Among children aged 5-12 years, 76.5 per cent had participated in a fire education program at school, and 64.3 per cent of parents or carers took action on the messages they received from children who attended this program.
Among parents or carers of children aged 0-11 months, 87.7 per cent placed their children on their backs to sleep, the preferred sleeping position for preventing Sudden Infant Death Syndrome.
Among children aged 2-15 years, 72.6 per cent consumed the recommended daily intake of fruit, 43.1 per cent consumed the recommended daily intake of vegetables, and 67.6 per cent consumed the recommended daily intake of dairy products. Overall, 12.6 per ce nt of families ate together at table every day, 61.7 per cent of children hardly ever ate in front of the television, and 90.4 per cent of children ate breakfast every day.
Among children aged 5-15 years, 24.5 per cent did at least 60 minutes of physical activity outside of school hours each day, 45.3 per cent used electronic media for entertainment at home for more than the recommended maximum of 2 hours a day, and 46.1 per cent were driven by car to school each day.
Among children aged 0-15 years, 95.5 per cent lived in smoke-free households, and 96.9 per cent of parents or carers with cars banned smoking in their car.
Overall, 64.2 per cent of children aged 0-15 years did not get sunburnt last summer. Among children aged 0-15 years who went out in the sun last summer, 37.4 per cent always or often sought shade, 55.9 per cent always or aften wore a hat or cap, 12.1 per c ent always or often wore sunglasses, 69.8 per cent always or often wore a broad-spectrum sunscreen with an SPF of 15 or more, and 54.8 per cent always or often wore protective clothing. Twelve per cent of children were never in the sun last summer.
Among those parents or carers who went out in their local area, 52.8 per cent found it easy to find shade in sporting areas, 68.7 per cent found it easy to find shade in public pools, and 74.5 per cent found it easy to find shade in public parks.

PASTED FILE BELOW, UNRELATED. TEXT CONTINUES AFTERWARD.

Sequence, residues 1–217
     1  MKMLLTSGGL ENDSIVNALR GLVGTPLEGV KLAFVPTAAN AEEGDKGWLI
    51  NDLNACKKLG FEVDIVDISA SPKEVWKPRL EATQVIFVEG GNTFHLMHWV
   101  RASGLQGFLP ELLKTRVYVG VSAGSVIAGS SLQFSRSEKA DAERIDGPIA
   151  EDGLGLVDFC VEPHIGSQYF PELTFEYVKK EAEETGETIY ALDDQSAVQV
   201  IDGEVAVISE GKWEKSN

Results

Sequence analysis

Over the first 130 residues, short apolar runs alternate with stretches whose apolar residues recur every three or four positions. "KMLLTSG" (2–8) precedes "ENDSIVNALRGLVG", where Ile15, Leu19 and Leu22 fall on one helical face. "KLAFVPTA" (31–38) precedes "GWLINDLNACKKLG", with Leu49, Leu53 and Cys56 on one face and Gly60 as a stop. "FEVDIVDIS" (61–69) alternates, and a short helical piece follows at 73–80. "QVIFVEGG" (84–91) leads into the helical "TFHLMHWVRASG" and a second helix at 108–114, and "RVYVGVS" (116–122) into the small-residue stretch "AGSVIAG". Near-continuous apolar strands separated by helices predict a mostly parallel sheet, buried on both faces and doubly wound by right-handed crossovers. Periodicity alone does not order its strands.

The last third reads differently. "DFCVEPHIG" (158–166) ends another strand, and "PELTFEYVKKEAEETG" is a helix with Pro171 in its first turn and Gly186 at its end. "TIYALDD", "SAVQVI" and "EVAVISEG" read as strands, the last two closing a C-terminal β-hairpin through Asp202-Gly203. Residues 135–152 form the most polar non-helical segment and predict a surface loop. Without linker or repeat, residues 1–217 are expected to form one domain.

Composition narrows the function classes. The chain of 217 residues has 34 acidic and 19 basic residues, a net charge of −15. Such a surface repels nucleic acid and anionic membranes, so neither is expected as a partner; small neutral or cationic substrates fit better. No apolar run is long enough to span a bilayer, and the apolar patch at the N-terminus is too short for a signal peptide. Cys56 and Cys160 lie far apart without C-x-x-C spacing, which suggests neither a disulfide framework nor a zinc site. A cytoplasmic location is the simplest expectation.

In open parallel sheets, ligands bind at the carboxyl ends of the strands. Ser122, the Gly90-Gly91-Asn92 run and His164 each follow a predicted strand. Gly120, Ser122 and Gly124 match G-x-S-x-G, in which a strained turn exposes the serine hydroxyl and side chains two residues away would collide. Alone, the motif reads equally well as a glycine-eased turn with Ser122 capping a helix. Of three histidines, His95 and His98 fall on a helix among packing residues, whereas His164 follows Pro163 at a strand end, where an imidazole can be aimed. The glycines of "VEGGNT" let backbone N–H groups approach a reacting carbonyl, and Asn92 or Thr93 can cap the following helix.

Although New South Wales children are generally healthy, physical and emotional problems can affect their ability to enjoy life and participate in everyday activities. To monitor these problems, this 2009-2010 Summary Report includes information on health-related quality of life (self-rated health), asthma, diabetes or high blood glucose, hearing and vision, mental health, oral health, and population weight status.
According to their parents or carers, 91.3 per cent of children aged 5-15 years had excellent, very good, or good health status.
Among children aged 2-15 years, 22.4 per cent had ever been told by a doctor or hospital they had asthma, and 13.4 per cent currently have asthma (that is, have had symptoms of asthma or treatment for asthma in the last 12 months). Among children with curr ent asthma, 51.9 per cent had a written asthma action plan to assist managing their asthma.
Among children aged 9-15 years, 0.9 per cent had ever been told by a doctor or hospital they had diabetes or high blood glucose; 37.9 per cent had a grandparent, aunt, uncle, or first cousin diagnosed with diabetes; and 8.7 per cent had a parent, brother, or sister diagnosed with diabetes.
Among children aged 0-15 years, 21.5 per cent had their hearing tested less than 1 year ago and 18.1 per cent had their hearing tested 1 year ago to less than 2 years ago.
Among children aged 0-15 years, 35.3 per cent had their eyesight tested less than 1 year ago and 17.1 per cent had their eyesight tested 1 year ago to less than 2 years ago. Overall, 95.6 per cent of children aged 0-15 years had normal vision in both eyes.
According to the Strengths and Difficulty Questionnaire (SDQ), 7.3 per cent of children aged 4-15 years were at substantial risk of developing clinically significant behavioural problems.
Among children aged 5-15 years, 72.8 per cent visited a dental professional in the last 12 months, 7.3 per cent had never visited a dental health professional, and 49.8 per cent had private health insurance for dental expenses.